How small is an effect of r = .10? It is small according to Cohen’s (1988) heuristic categorization of effect sizes. It is among the smallest effects found in social psychology (Richard et al, 2003). An overall effect of .10 means that expectancies substantially influence social perceptions about 5% of the time (as per Rosenthal’s  binomial effect size display). This means that stereotypes do not influence perceptions 95% of the time.
In general, therefore, based on over 300 experimental studies and a smaller number of naturalistic studies, stereotypes have only very modest influences on person perception. Of course, there is always the possibility that researchers have not searched in the right places or in the right way for powerful stereotype biases in person perception. At minimum, however, the burden of proof (for the existence of widespread, powerful stereotype biases in person perception) has shifted to those emphasizing such powerful biases.
The existence of small stereotype effects, however, does not necessarily mean that people do generally rely heavily on individuating information. But the empirical evidence shows, in fact, that they do. The one meta-analysis that has addressed this issue found that the effect of individuating information on person perception was among the largest effects found in social psychology, r = .71 (Kunda & Thagard, 1996). In other words, people seem to be generally doing the right thing – relying on individuating information far more than stereotypes.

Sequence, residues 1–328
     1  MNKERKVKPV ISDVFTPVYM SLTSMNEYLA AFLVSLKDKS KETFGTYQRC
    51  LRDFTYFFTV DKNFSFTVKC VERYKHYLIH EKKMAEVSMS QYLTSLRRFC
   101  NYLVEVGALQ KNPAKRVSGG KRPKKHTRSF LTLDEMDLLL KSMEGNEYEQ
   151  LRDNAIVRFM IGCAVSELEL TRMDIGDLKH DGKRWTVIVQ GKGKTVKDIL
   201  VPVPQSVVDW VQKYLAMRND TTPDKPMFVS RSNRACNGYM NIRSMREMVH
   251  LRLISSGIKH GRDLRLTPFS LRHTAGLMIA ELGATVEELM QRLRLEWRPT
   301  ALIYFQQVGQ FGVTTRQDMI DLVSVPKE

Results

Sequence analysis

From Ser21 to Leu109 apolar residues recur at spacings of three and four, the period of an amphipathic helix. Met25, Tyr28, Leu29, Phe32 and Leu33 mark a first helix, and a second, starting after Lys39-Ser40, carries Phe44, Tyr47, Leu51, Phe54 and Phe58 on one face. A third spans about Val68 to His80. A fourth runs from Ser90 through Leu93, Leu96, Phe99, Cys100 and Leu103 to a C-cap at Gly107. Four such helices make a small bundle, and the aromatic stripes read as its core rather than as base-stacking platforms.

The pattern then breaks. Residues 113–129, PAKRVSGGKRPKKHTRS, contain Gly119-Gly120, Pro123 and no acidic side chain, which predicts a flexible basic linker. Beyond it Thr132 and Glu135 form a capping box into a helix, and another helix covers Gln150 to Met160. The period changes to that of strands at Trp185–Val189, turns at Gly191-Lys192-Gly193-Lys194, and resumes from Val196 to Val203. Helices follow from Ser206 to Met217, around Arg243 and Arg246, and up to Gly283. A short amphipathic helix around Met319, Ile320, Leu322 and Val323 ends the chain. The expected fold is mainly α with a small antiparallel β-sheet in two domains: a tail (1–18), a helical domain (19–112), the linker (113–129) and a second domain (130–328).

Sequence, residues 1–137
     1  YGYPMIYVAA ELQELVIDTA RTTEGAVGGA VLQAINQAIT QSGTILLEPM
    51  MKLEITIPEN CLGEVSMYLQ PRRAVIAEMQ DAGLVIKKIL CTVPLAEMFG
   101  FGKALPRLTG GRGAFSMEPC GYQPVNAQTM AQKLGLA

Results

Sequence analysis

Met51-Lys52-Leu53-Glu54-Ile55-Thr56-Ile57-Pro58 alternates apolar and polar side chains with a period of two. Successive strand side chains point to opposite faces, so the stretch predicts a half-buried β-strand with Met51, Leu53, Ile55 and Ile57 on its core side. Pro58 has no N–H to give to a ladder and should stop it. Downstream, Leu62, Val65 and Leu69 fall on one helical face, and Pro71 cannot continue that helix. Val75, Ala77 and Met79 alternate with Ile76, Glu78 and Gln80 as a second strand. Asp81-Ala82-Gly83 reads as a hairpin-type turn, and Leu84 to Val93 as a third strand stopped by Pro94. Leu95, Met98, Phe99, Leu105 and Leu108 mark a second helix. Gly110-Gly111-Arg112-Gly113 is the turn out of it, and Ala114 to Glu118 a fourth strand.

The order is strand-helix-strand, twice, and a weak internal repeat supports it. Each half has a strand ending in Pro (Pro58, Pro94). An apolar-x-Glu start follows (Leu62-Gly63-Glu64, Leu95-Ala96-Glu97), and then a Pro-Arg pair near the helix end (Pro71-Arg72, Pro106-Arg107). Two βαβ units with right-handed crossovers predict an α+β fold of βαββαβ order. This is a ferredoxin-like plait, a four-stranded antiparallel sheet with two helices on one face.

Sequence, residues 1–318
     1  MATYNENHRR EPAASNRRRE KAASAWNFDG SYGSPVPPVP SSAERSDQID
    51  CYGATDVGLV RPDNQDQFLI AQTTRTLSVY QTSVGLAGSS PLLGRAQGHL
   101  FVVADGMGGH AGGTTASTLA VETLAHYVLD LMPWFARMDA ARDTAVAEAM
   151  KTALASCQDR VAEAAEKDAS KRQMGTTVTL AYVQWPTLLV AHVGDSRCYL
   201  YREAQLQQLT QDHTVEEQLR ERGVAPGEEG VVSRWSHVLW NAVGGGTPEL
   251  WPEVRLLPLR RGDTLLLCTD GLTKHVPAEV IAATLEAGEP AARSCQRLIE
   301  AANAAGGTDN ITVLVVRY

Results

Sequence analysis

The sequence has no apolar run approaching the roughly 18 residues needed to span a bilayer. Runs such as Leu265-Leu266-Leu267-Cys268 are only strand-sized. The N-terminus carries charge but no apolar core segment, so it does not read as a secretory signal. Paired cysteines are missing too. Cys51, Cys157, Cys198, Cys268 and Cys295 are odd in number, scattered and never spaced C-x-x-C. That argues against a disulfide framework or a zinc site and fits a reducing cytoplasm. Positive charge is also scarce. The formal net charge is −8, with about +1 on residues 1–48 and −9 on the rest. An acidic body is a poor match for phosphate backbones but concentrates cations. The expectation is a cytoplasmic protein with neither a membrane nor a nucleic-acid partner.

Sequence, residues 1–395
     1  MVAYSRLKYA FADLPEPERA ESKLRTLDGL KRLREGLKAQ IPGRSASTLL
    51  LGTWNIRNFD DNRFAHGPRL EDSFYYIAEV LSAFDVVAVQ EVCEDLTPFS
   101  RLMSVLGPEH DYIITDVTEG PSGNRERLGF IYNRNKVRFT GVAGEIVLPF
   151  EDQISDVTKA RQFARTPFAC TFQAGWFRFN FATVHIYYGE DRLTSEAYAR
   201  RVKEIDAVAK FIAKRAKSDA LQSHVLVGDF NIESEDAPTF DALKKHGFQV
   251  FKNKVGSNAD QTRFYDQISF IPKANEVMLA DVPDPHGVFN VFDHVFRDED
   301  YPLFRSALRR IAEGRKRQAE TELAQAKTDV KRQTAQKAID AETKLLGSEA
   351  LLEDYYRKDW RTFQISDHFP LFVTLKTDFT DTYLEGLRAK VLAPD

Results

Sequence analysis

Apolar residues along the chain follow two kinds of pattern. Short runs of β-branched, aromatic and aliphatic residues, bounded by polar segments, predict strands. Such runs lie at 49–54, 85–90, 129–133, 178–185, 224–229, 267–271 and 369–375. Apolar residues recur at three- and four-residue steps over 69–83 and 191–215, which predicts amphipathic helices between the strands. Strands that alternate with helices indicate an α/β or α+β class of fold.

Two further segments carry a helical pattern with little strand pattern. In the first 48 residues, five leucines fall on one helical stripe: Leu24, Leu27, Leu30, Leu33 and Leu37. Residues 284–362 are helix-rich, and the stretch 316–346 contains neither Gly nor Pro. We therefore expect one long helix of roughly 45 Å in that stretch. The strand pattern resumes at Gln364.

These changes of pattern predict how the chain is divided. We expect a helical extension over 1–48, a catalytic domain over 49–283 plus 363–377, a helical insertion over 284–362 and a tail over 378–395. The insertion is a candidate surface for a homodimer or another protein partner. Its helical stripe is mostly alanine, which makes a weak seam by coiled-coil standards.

Weighted by number of studies, the correlation comes out to under r = 0.05, which is equivalent to an effect size, d, of under 0.1. This is not strong evidence in support of claim #1.
But what about claim #2?
Before discussing this we need to do some conceptual footwork. What is the implicit mental model that the authors are working from? It is this:
(a) group stereotypes have a significant individual level effect.
(b) individuals in a negatively stereotyped group will tend to be be negatively impacted relative to individuals in a positively stereotypes group.
(c), (a) and (b) will lead to mean group differences.
The first point to note is that, in this scenario, the magnitude of the group effect will depend on the magnitude of the individual level effect. Were the correlation between stereotypes and judgements of individuals zero, the effect on a group, by way of individual effects, would be zero. While the correlation between stereotypes and judgements of individuals, based on hundreds of studies, is not zero, it is very close to that. This puts a low ceiling on the possible group level impact of stereotypes.